To Listen to the full interview click here;

EdGamer discuss the Big History Project

From the Edgamer shownotes;

EdGamer 123: Thank You Mr. Peterson

This week on EdGamer 123 its holiday madness! We started with a schedule for the show but had a tough time keeping ourselves on task…you can tell break has started. Join us for some game club chat as well as news from Amazon and BigHistoryProject.com. Ho, ho, hold up, you don’t want to miss this episode. Tune-in and level-up!

Mr. Peterson at Game Club- Dixit and Wits and Wagers

The Big History Project

Small World 2

Amazon Digital Game Downloads

St. Jude

The 2013 Stitcher Awards

Show Host: Zack Gilbert

Show Contributor/Producer: Gerry James  

 To browse the EdGamer archives click here;

http://edreach.us/channel/edgamer/#

GlassLabs releases research on Psychometric Considerations in Game-based Assessment

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Press Release: GlassLab Publishes Research on Game-based Assessment

By Ilena Parker | February 6, 2014

For Immediate Release
February 6, 2014

Digital Games Can Improve Measurement of Student Learning With Continuous Assessment, According to New Research From GlassLab

New white paper offers framework for integrating game design and educational assessment

Redwood City, Calif. – February 6, 2013 — Researchers have figured out a new way to give teachers a dynamic portrait of a student’s learning in action, using video games. In a white paper released today by Institute of Play project GlassLab (the Games, Learning and Assessment Lab), a team of assessment data scientists, learning designers and game developers describe a multidisciplinary approach to designing a new type of classroom game — a game-based assessment. Game-based assessments can provide a rich understanding of the different factors that affect educational achievement and predict how a student’s performance might change over time.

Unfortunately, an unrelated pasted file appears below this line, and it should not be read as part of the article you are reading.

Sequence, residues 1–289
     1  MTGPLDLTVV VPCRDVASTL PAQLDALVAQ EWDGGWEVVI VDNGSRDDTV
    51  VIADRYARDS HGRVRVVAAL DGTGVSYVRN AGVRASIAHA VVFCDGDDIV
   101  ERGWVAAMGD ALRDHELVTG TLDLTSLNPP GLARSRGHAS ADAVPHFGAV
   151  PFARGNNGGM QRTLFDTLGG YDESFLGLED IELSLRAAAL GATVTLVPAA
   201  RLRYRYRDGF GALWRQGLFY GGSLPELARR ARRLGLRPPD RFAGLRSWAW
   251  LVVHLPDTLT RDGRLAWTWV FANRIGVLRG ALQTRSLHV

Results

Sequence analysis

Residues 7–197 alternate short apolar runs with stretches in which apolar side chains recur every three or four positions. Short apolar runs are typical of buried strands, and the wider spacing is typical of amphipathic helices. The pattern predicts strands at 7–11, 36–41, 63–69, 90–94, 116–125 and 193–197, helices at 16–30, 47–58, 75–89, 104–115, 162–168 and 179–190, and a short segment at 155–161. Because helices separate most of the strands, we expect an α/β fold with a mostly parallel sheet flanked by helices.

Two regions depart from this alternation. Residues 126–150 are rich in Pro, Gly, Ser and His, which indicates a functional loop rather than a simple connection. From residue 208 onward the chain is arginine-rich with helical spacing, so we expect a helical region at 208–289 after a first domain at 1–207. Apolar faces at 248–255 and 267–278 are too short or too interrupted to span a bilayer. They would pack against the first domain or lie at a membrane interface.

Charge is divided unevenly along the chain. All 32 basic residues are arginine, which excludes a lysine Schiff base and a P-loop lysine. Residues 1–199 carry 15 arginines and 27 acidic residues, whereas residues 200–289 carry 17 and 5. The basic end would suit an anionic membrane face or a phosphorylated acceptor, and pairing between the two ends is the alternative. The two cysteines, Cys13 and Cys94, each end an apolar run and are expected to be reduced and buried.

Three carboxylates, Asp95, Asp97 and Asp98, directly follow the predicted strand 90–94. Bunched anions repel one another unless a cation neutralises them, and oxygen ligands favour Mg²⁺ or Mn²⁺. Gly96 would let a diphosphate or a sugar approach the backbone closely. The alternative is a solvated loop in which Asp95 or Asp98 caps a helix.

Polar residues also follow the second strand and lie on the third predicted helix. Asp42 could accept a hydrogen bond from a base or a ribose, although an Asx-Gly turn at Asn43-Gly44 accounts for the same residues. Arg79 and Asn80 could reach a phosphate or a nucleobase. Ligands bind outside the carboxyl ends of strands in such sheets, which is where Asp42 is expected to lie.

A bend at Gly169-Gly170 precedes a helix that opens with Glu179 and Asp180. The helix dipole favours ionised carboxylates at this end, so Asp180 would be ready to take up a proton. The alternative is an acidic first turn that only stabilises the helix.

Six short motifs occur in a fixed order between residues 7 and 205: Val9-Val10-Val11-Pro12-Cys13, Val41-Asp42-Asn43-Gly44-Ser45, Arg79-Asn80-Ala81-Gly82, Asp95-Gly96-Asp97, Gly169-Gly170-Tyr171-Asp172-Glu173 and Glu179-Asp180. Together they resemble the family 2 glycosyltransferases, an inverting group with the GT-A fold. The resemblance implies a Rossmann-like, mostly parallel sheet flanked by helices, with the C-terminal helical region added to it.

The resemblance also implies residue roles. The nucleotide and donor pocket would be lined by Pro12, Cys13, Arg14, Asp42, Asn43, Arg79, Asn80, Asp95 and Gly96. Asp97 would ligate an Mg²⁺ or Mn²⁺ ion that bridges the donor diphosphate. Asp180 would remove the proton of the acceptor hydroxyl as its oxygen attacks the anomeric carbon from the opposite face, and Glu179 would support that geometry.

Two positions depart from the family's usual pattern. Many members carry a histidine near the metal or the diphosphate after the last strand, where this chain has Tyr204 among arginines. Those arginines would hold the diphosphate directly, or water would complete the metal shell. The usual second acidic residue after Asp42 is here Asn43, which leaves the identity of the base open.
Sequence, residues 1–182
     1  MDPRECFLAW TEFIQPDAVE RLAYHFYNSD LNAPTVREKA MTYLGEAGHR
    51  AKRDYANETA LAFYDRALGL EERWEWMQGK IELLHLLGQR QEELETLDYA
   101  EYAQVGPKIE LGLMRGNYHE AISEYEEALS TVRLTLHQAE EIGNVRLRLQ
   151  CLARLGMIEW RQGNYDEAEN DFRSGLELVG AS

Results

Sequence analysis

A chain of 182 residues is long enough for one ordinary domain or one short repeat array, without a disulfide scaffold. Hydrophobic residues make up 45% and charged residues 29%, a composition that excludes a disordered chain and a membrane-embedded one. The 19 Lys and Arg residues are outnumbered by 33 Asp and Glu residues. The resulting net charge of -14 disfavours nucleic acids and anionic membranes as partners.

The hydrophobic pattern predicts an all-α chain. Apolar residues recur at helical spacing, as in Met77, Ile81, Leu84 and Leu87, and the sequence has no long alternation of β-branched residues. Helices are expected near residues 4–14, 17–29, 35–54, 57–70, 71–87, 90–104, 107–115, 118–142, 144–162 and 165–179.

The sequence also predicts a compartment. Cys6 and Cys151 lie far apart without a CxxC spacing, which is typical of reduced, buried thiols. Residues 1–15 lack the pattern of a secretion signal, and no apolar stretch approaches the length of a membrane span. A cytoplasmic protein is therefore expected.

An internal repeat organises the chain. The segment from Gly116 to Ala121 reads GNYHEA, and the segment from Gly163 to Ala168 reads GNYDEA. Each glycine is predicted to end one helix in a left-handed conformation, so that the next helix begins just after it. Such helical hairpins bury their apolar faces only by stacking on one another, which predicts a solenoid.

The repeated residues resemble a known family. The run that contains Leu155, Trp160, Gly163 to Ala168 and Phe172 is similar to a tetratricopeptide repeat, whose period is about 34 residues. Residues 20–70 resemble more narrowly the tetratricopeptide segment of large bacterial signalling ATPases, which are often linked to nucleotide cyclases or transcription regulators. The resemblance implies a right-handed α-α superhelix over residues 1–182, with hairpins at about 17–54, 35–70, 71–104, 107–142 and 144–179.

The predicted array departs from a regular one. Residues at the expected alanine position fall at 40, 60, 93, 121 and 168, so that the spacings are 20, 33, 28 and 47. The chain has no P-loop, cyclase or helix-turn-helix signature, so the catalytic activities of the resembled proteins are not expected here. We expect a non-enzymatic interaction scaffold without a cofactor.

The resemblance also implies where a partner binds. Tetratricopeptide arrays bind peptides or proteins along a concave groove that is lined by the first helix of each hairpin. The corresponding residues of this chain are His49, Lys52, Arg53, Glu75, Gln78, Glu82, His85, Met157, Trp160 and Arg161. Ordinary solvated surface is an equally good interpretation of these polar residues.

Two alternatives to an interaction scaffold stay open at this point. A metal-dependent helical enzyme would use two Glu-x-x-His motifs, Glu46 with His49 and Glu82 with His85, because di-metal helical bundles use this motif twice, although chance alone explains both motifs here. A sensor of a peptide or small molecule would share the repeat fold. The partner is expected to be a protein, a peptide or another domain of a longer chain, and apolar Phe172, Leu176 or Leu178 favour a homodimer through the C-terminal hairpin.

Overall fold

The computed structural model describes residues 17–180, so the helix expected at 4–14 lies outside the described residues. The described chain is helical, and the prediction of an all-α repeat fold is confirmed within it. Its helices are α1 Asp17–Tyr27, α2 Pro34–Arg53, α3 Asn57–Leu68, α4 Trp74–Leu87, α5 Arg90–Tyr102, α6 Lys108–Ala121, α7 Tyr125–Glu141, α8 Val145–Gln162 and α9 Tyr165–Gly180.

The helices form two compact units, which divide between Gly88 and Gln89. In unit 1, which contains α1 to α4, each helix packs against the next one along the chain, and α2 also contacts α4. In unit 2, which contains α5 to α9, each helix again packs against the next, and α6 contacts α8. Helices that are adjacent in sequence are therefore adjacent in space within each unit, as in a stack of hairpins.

The white paper, “Psychometric Considerations in Game-Based Assessment,” answers the provocative questions that stand in the way of realizing the full potential of games to transform learning and assessment: How can scientists make sense of the endless stream of data generated by a digital game — the entire spectrum from wayward mouse clicks to strategic choices in gameplay? How can psychometric data help game designers build better challenges to improve learning outcomes? And how can experts in diverse fields come together to build and test new game-based assessments?

“Game-based assessments may hold the promise of a richer, multi-dimensional portrait of student learning, but they also present a new frontier in assessment design, ripe with challenges and opportunities for psychometricians and game designers to explore collaboratively,” says co-author Robert Mislevy, a psychometrics consultant for GlassLab, pioneer of evidence-centered assessment design, and Frederic M. Lord Chair in Measurement and Statistics at ETS. “This paper provides a framework for the continued exploration of this new frontier and proposes a design approach for developing and testing new game-based assessments.”